• the new sentence, which is automatically translated and showed on your website

We have release a new feature that can help you identify “unused translations” based on if the translations has been displayed on your website. You can check it here : How can I remove inactive translations? - Help Center
In the future, we will release a feature to find “almost identical” translations, which will further help you identify where some manual intervention is required.

Dear @Remy,


sure help to clarify a few gray areas.

Thank you very much.

@Remy I think that a very nice improvement of your UI/UX would be if these “almost identical” translations could somehow be visually grouped together in Weglot, perhaps listed chronologically, showing the “currently used” translation at the bottom and the “unused” versions of these almost identical translations further up the list.

A major pain with Weglot now is that many (most) of our clients does not dare to make changes in Webflow in fear of “loosing” existing reviewed or manually translated texts. The process of having to log in to a different interface and then track down almost identical versions of an text block by searching in a long list of text blocks, trying to identify what text is the right version, is overwhelming for clients that is not very tech savvy. Especially since new auto-translated texts are published immediately after even a small text change is made in the webflow!

A very nice additional feature would be an option to not automatically publish new automatically translated texts of already reviewed or manually translated texts online before the user can review them in Weglot.

Hi Christoffer,

Thanks for your message.
a very nice/important improvement of your UI/UX would be if these “almost identical” translations could somehow be visually grouped together in Weglot
We are working on this actually, being able to group almost identical sentences.

About the “changing original text” problem it’s not that easy. Indeed, sometime if you change the original text, you do want the translation to change.
Imagine, changing the original sentence “We like this product” to “We don’t like this product”, you really don’t want the translation to stay the same. So keeping the translation will also cause the opposite problem.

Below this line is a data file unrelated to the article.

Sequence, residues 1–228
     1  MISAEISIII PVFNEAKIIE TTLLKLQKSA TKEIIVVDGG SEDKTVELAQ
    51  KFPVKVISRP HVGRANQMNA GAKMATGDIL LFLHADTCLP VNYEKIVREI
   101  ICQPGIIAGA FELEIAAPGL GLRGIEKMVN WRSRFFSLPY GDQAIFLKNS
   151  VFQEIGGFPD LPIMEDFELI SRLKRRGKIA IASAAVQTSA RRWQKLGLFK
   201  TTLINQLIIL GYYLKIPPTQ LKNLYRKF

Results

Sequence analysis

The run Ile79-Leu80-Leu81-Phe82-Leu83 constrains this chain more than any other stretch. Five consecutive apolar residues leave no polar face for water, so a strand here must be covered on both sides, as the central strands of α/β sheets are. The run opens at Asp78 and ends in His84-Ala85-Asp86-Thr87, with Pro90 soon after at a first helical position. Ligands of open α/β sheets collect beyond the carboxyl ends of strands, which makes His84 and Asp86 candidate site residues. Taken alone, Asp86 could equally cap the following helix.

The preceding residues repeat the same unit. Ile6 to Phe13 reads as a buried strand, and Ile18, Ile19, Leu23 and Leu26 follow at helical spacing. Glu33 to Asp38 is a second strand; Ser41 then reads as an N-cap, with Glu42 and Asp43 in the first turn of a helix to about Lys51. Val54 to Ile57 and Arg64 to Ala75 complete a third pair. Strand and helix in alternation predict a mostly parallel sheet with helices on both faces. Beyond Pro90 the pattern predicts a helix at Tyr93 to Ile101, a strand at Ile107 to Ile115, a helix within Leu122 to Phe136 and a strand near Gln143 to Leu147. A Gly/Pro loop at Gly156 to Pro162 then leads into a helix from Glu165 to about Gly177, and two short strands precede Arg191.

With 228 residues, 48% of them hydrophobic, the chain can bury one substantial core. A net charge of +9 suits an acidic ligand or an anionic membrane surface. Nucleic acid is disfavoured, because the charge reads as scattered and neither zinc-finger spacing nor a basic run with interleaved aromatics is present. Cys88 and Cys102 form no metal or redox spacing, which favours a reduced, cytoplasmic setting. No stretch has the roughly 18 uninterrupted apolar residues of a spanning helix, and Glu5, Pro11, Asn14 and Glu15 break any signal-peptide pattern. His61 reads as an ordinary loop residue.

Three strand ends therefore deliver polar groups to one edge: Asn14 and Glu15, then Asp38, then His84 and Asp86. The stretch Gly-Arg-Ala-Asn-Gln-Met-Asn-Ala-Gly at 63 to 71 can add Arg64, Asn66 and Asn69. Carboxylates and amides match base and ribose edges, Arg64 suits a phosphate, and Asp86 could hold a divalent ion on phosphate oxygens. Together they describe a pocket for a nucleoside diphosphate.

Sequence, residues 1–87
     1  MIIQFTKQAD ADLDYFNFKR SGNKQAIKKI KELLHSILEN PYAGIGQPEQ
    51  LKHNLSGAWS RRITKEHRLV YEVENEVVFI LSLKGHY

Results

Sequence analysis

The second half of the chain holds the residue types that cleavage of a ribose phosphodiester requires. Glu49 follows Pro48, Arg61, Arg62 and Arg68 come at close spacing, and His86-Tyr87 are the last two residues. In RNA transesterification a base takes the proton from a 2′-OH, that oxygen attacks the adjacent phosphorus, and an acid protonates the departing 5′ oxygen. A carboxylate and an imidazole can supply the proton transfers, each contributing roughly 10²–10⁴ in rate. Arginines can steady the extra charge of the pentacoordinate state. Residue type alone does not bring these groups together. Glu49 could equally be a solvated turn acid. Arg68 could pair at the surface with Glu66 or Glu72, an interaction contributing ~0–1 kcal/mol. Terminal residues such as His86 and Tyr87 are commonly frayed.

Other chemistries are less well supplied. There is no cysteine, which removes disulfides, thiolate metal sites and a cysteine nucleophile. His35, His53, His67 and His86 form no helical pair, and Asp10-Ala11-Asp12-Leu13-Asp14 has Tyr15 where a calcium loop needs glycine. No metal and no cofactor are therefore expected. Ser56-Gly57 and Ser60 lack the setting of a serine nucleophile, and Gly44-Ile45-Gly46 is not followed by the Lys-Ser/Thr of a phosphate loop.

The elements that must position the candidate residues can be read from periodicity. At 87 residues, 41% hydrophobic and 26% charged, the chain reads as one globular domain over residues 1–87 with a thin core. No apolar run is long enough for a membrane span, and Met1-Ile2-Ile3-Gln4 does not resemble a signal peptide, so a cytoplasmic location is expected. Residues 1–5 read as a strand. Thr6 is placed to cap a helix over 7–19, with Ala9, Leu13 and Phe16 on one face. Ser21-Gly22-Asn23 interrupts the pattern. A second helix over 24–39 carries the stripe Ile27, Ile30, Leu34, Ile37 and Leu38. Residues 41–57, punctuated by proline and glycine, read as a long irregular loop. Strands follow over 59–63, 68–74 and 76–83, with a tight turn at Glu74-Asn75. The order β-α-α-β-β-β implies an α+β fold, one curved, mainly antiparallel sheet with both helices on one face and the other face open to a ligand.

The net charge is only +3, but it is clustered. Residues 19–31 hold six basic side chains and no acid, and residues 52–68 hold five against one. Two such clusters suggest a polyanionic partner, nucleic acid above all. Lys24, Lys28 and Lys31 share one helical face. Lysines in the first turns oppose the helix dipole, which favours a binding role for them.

So our approach will be to give the maximum possible tool to the user like flagging inactive translation, showing almost identical translation. It’s still a work in progress but we already released the feature to flag inactive translations last month.
It will keep improving over time :wink:

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Great :+1:

Thanks for your reply @Remy
Yes, if your sites multi-language principle is based on auto-translations as a starting point, I agree. But many multi-language sites do not want to use/show auto-translated content at all. Content is often translated by professional translators and reviewed by the client before publishing. Having auto-translated (not approved) texts on your site can in many cases be more “harmful” than an old manually translated (and approved) text.

I agree with you. An option we already have is the “Enable automatic translation”. If disable it, it will prefer to show the original sentence than an automatic translation. It means only manual translations or original text will be shown but never automatic translations.
The option is in the language view here : How to disable automatic translations? - Help Center

I know it’s not exactly what you meant but I thought I will still share this for now :wink:


@Remy Yes, the only drawback with “disable automatic translations” is that it can only disable auto-translations sitewide for an entire language. If disabling auto-translations could be controlled on individual pages/URLs instead of entire sitewide languages, it could be a very useful alternative. This way non-critical content like e.g. blog posts could be based on reviewed auto-translations and critical content on e.g static product pages would only show manually translated (and thereby reviewed) content.

This is actually a good feature idea. I’m writing it down :grinning: